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Questions for active investors...
Old 05-27-2009, 06:03 PM   #1
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Questions for active investors...

Do you still actively invest? What sort of success have you had? What software do you use? What percent of your portfolio do you actively manage? How much time do you put into it each week?

I'm sure I'll always be an indexed mutual fund type of investor but I've thought about buying a few shares of a company to play around with. I suppose I could start with my wife's employee stock option and try to determine the best time to sell.
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Active investing
Old 05-27-2009, 07:08 PM   #2
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Active investing

Like the OP I mostly invest with mutual funds. I do have a Schwab account for active trading of individual issues. I read the WSJ, NYT, Forbes, have Google alerts set to follow stocks I have an interest in purchasing(or already own). I try to invest in stocks where I use and like the products. as I feel that I have more of an understanding of that market. I have actually done better with my own stock picks than with managed funds. My failing is holding them too long, both when they increase in value and when they decline.
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Old 05-27-2009, 07:27 PM   #3
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Do you still actively invest?
Yes, still accumulating via monthly DCA. Mutual funds only.
What sort of success have you had?
I FIREd at age 48.
Varying degrees except for 2008.
What software do you use?
Morningstar portfolio tracker, Preferred subscriber with multi-year discount.
What percent of your portfolio do you actively manage?
100% DIY
How much time do you put into it each week?
Weekly peeks out of morbid curiosity.
Monthly share updates for bond funds using M* tracker.
Quarterly share updates for stock/balanced funds using M* tracker.
6 months - review AA and check out "watch but didn't buy" MF candidates.
Yearly - review potential cap gains and taxable dividends and look for tax loss harvest opportunities or just leave well enough alone. Do minor exchanges to realign AA or redirect DCA as needed to return to target AA.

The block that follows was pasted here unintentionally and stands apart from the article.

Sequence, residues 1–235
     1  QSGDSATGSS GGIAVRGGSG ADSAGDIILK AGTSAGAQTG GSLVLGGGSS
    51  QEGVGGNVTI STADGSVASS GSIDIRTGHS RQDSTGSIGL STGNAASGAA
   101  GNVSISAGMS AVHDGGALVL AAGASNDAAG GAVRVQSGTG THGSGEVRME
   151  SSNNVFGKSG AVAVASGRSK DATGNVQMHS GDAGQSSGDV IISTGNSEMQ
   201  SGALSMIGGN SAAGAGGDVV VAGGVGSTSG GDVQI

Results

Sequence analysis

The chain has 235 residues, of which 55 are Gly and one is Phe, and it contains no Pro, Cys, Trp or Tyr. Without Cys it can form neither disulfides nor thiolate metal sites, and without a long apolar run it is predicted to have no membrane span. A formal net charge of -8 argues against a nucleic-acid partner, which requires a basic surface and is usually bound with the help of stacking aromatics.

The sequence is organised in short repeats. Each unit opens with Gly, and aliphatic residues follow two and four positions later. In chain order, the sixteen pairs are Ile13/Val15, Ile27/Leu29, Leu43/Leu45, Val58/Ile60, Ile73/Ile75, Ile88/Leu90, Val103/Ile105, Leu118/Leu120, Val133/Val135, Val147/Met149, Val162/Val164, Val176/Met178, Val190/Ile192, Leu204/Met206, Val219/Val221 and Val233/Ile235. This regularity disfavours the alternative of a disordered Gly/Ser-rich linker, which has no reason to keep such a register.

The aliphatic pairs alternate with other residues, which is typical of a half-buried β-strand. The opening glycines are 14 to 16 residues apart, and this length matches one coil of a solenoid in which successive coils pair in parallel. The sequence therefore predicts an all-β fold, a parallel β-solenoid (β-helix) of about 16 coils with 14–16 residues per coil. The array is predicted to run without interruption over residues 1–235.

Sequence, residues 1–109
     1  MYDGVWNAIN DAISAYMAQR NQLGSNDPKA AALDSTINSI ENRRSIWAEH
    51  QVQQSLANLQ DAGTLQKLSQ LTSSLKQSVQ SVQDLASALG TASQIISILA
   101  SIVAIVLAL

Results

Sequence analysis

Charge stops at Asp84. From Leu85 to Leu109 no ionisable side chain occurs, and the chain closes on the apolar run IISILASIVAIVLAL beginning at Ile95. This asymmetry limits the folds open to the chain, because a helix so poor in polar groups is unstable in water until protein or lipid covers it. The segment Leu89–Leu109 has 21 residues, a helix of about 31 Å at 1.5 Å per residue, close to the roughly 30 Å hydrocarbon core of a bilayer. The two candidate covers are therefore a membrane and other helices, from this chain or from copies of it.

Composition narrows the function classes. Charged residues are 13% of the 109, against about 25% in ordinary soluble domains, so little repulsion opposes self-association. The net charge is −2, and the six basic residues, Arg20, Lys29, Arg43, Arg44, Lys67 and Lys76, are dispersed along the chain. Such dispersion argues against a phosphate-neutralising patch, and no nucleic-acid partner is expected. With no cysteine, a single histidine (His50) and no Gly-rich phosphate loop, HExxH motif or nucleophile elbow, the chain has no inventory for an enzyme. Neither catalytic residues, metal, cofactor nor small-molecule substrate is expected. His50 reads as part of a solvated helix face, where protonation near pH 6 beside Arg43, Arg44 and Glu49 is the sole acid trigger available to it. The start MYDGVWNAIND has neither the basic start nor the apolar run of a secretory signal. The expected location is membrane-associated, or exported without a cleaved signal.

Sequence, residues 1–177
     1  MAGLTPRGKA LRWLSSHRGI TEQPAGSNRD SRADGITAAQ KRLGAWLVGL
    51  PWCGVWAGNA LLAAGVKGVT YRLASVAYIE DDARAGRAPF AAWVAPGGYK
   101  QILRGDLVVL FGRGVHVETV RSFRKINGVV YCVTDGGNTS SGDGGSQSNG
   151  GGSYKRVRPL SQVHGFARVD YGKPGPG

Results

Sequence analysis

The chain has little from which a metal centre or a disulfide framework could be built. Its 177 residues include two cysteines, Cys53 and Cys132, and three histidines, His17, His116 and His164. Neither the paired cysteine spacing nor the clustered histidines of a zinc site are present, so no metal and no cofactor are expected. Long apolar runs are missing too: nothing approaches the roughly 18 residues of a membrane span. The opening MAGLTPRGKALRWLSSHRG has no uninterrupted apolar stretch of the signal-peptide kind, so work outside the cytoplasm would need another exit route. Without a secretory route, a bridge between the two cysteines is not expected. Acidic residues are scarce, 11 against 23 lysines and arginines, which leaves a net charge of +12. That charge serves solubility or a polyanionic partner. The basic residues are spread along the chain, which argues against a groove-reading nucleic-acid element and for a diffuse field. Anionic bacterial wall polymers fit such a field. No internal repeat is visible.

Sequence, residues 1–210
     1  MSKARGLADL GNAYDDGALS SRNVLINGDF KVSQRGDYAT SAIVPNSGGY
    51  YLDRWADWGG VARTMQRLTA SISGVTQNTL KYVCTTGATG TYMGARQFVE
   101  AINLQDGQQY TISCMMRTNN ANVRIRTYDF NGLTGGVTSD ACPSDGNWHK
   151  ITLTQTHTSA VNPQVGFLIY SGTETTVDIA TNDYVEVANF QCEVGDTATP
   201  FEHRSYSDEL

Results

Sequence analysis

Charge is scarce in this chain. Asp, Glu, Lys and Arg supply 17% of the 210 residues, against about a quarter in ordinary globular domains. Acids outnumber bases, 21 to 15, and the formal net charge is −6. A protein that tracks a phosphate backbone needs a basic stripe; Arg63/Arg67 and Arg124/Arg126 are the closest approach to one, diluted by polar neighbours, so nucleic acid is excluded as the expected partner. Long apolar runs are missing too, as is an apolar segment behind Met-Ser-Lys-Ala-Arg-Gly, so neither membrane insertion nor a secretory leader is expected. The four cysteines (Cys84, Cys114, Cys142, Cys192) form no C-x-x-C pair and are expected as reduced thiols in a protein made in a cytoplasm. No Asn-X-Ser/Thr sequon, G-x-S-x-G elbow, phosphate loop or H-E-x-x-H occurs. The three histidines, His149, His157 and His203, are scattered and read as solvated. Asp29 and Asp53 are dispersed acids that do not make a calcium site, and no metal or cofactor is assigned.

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Old 05-27-2009, 07:44 PM   #4
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I am 50, retired 2+ years, and live on the dividends from a 100% individual stock portfolio almost entirely in IRAs, accessed via 72t withdrawals.

The whole portfolio is actively managed and always (about) 100% in stocks. I track about 30 mostly large cap stocks with long records of increasing earnings and dividends, solid financials, good capital decisions, etc. I generally own 5-20 stocks at one time, trading out of the ones with higher valuations into the ones with lower valuations (based on my own ratings). I track their earnings / estimates, balance sheets, etc., but mostly ignore news stories about them except as entertainment.

I spend a few hours per week on them. I keep everything in a bunch of Excel spreadsheets. I started investing seriously in individual stocks in 1993, and settled on my current methods around 1997, with few changes since then. I have done well enough (vs SP500) to feel comfortable enough continuing what I am doing now.
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Old 05-27-2009, 07:47 PM   #5
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Um, software?

Personally, I do it the old fashioned way. Find a hated sector or company, see if there are securities offering a fat potential return, and go dig into the fundamentals to see if there really is return potential.
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Old 05-27-2009, 08:00 PM   #6
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Quote:
Originally Posted by brewer12345 View Post
Um, software?

Personally, I do it the old fashioned way. Find a hated sector or company, see if there are securities offering a fat potential return, and go dig into the fundamentals to see if there really is return potential.
Soo - Brew what looks super disliked in the housing market yet likely to survive the current cycle.

Or anything in the general building materials /RE/developer area?

They gotta be unloved now. My old summertime college employer Weyerhaeuser has had me looking but not buying periodically since 1966.

heh heh heh - I look at dividend achiever lists and tryed to buy balanced div/div growth widow and orphan stocks. Now since my balanced index funds are handling my retirement - thinking maybe growth stocks??
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Old 05-27-2009, 09:06 PM   #7
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Personally, I like the better P&C insurers and the Bermuda reinsurers.
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Old 05-27-2009, 09:22 PM   #8
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I guess I could be considered an active investor by the purest bogleheads. I invest exclusively in mutual funds (index funds mostly), but I don't put new investments on autopilot. In order to help me determine how to invest new contributions, I have been using a spreadsheet with a formula that I have refined over time to take several factors into considerations including market valuation. I now use a sliding AA and a deep value bias to make my investment decisions.
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Old 05-29-2009, 05:00 PM   #9
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selling OTM credit spreads on indexes, averaging around 5% monthly gains, shooting for 10% - also contributing heavily to same portfolio since we're out of almost all debt
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